The final column is me. I grew up in a household with only margarine, no butter. Salad was served at every dinner, which meant Kraft Thousand Islands dressing. My dad maniacally cut every bit of visible fat off of the meat we were served. I learned to use Thousand Islands dressing as a steak sauce since the steak was lean and dry. I ate school lunch. I am dys-regulated. That’s OK. The long term goal of this blog is to see if we can fix people like me.

I decided against including this British Study…​5​ The fat numbers just don’t add up. I have more questions than answers. For instance, they reported only 1.65 percent arachidonic acid but 13% 22:4n6? And nervonic at 3.3%? Something just seems off.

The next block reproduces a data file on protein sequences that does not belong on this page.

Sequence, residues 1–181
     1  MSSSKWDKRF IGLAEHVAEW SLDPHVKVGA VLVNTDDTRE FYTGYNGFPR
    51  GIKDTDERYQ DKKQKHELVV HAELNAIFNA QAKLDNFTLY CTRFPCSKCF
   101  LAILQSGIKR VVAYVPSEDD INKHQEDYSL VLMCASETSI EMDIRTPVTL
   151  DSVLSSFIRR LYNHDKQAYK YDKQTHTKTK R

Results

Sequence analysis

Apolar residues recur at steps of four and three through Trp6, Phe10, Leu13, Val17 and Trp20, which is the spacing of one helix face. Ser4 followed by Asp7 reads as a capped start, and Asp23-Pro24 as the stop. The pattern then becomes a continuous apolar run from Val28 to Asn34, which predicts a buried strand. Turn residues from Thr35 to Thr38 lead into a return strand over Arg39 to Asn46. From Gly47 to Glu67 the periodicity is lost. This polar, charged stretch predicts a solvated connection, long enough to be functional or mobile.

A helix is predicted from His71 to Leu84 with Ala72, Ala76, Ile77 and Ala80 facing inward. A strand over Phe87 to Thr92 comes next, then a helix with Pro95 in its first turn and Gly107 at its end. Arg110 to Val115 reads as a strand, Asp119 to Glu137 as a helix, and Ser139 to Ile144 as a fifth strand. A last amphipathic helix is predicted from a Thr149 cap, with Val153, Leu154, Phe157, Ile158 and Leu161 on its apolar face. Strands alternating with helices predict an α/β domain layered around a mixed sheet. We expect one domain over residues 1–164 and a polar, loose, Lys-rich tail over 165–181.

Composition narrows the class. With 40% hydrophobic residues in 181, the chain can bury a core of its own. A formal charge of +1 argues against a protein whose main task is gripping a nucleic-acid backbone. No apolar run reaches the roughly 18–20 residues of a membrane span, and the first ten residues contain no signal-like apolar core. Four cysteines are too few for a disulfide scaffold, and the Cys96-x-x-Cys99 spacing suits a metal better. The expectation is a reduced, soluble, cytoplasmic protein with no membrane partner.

1. 1.
    Ways P, Hanahan DJ. Characterization and quantification of red cell lipids in normal man. Journal of Lipid Research. Published online July 1964:318-328. doi:10.1016/s0022-2275(20)40200-7
  2. 2.
    Laryea MD, Jiang YF, Xu GL, Lombeck I. Fatty Acid Composition of Blood Lipids in Chinese Children Consuming High Erucic Acid Rapeseed Oil. Ann Nutr Metab. Published online 1992:273-278. doi:10.1159/000177729
  3. 3.
    Dougherty RM, Galli C, Ferro-Luzzi A, Iacono JM. Lipid and phospholipid fatty acid composition of plasma, red blood cells, and platelets and how they are affected by dietary lipids: a study of normal subjects from Italy, Finland, and the USA. The American Journal of Clinical Nutrition. Published online February 1, 1987:443-455. doi:10.1093/ajcn/45.2.443
  4. 4.